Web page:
COP26: China and the USA put climate above what is actually a “toxic bilateral relationship” – what this can mean for the future

China causes 27 percent of global CO2 emissions, the USA 13 percent. The USA emits by far the highest per capita emissions. Both countries had so far been on the brakes in Glasgow on crucial issues.

Beijing, for example, insists that the two-degree target of the Paris Climate Agreement should remain the basis for the national voluntary commitments – and not the more ambitious 1.5-degree target. The US, on the other hand, is slowing down financial aid for poorer countries.

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On Wednesday evening, the US climate officer John Kerry and his Chinese colleague Xie Zhenhua surprised the conference participants with their bilateral agreement. “As great powers of the world, we have to live up to our responsibilities and work together,” said Xie. It was agreed to increase climate protection ambitions in this crucial decade, added Kerry.

Participants assume that the conference will be extended

The announcement could bring new momentum to the stalled talks in the last few days of COP26. The roughly 200 states are fighting for a final declaration that will keep the 1.5 degree target within reach. The voluntary commitments of the states to date are not yet sufficient for this. The conference officially ends on Friday, but participants expect the negotiations to drag on into the weekend.

China and the USA surprisingly agree on climate protection measures

The EU climate commissioner Frans Timmermans said: “The move will help us to find an agreement here at the COP.” The Secretary General of the United Nations, António Guterres, also welcomed the deal between China and the US as “an important step in the right direction “. Negotiators expressed the hope that the positive signal would increase the pressure on other brakes such as Australia and Saudi Arabia.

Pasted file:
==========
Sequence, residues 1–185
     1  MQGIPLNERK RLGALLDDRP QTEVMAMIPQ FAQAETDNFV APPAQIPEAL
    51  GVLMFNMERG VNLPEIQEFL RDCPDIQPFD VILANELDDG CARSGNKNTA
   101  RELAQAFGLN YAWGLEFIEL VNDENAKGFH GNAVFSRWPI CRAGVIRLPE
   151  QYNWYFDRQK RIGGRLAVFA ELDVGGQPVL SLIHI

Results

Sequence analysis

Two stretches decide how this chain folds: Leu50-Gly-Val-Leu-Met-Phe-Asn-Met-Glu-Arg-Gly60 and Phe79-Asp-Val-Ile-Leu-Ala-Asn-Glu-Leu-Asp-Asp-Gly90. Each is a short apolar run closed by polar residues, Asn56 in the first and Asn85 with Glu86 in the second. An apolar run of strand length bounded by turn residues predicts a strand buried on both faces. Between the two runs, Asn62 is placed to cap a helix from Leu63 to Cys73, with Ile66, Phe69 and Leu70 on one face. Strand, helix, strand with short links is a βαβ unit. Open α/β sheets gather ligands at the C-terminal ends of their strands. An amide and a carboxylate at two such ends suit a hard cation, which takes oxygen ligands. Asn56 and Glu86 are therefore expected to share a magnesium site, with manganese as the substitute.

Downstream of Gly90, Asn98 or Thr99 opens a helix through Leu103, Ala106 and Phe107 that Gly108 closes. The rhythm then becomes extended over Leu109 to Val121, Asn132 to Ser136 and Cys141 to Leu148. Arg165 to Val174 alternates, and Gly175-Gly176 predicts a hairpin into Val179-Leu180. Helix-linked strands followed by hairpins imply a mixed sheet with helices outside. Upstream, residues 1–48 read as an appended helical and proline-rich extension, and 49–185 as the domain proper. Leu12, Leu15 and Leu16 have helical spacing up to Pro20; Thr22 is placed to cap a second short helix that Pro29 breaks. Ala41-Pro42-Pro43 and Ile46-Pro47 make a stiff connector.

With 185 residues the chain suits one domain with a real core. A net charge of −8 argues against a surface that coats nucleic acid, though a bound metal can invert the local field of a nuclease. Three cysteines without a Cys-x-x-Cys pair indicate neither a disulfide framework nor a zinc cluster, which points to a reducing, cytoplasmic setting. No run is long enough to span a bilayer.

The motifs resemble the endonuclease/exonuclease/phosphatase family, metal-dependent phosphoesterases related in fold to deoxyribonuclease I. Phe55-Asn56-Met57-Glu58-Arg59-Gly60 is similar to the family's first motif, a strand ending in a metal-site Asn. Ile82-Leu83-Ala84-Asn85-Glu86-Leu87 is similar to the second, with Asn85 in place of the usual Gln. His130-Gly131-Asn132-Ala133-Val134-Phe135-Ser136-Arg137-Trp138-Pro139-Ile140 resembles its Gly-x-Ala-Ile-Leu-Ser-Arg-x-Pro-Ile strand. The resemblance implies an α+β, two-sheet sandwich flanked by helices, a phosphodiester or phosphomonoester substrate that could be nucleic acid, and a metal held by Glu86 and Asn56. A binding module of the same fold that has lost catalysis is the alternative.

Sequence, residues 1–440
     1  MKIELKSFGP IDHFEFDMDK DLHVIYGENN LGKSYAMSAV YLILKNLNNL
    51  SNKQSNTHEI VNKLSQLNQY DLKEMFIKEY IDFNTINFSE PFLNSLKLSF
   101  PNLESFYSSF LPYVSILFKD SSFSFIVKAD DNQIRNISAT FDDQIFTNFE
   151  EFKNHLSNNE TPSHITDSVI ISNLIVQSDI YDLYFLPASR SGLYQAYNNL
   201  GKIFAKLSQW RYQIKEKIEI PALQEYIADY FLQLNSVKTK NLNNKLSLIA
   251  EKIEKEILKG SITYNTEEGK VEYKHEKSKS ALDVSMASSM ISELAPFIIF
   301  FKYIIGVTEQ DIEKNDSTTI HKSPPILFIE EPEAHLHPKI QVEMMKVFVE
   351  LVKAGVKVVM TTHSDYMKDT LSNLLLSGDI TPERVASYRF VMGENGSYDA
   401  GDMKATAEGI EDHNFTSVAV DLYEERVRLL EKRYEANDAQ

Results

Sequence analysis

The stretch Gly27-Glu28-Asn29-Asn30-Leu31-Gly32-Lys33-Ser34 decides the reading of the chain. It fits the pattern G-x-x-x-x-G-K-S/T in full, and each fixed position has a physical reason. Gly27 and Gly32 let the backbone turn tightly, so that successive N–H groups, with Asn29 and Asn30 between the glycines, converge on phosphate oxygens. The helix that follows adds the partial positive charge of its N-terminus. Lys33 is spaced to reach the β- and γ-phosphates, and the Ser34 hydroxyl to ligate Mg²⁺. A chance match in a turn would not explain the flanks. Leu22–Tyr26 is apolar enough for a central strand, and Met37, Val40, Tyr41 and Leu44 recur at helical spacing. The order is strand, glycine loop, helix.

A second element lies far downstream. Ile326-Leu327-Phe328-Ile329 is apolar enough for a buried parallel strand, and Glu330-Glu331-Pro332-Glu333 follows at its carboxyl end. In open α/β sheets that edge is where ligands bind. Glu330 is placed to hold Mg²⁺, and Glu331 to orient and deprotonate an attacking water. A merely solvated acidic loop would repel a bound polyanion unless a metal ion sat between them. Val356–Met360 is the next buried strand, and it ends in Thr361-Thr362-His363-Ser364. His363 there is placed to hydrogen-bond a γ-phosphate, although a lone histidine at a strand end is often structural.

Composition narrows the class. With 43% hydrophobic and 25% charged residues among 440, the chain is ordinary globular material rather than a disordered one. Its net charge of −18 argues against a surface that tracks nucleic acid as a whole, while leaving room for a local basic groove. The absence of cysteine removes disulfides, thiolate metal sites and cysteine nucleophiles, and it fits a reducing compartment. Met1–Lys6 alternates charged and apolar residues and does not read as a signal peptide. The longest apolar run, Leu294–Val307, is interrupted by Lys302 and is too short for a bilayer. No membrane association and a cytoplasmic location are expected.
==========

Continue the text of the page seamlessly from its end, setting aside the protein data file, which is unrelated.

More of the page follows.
However, observers warned against being too optimistic. “Both countries must now also campaign for more climate protection in the final declaration of the climate conference,” said Viviane Raddatz, Head of Climate Protection and Energy Policy at WWF Germany. This includes setting improvements to the national climate targets as early as 2022. In Glasgow, things are now getting down to business.

The two superpowers had only announced a trial, but made no specific commitments, said China expert Li Shuo of the environmental organization Greenpeace. He does not expect any immediate concessions from Beijing. “If China were to give in to US demands now, it would be domestic suicide.”

Rivals are excluding the climate from their “toxic bilateral relationship”

The main importance of the pact is that the two rivals wanted to keep the climate issue out of their “toxic bilateral relationship,” said Li. Instead of watching each other, they could focus on their common enemy, climate change.

Several experts also suggested that the two countries have implicitly agreed to postpone new climate commitments after the COP. A first reason for this would be the upcoming summit meeting between China’s President Xi Jinping and US President Joe Biden, and further steps could follow in the coming years.

In Glasgow, on the other hand, both countries are proving to be stubborn. “China is consistently deleting any ambition regarding 1.5 degrees Celsius and phasing out fossil fuels from the text,” said David Ryfisch from Germanwatch. “The US, on the other hand, is trying to water down the formulation of climate finance.”

The COP26 will directly become the litmus test for the newly announced cooperation, said Ryfisch. “If the two largest emitters are serious, they have to explicitly support the positions of the progressive countries.”

But the bilateral advance of the superpowers also serves to circumvent the United Nations process. The two countries are thus following a trend: In the past two weeks, several coalitions of the willing have formed on different topics. A number of countries pledged to end the internal combustion engine, while others want to reduce their methane gas emissions.

These side deals are not part of the COP process, but helpful in their own right. “The agreements outside the UN process are becoming more and more important,” says Jan Kowalzig from the non-governmental organization Oxfam. Ultimately, everything helps that helps reduce global emissions. Therefore it is now interesting to see what contributions the USA and China will make in the coming years.

More: Coal phase-out, financial aid, rule book – on what the failure and success of the climate conference depend

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